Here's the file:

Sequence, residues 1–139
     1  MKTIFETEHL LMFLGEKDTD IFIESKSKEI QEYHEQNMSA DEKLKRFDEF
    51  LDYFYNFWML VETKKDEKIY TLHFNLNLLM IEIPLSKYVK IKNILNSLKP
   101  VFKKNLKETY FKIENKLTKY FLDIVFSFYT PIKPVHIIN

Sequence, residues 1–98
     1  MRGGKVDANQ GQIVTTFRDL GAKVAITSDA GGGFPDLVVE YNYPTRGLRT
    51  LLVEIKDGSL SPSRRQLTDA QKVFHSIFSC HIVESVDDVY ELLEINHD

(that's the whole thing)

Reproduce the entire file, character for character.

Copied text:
Sequence, residues 1–139
     1  MKTIFETEHL LMFLGEKDTD IFIESKSKEI QEYHEQNMSA DEKLKRFDEF
    51  LDYFYNFWML VETKKDEKIY TLHFNLNLLM IEIPLSKYVK IKNILNSLKP
   101  VFKKNLKETY FKIENKLTKY FLDIVFSFYT PIKPVHIIN

Sequence, residues 1–98
     1  MRGGKVDANQ GQIVTTFRDL GAKVAITSDA GGGFPDLVVE YNYPTRGLRT
    51  LLVEIKDGSL SPSRRQLTDA QKVFHSIFSC HIVESVDDVY ELLEINHD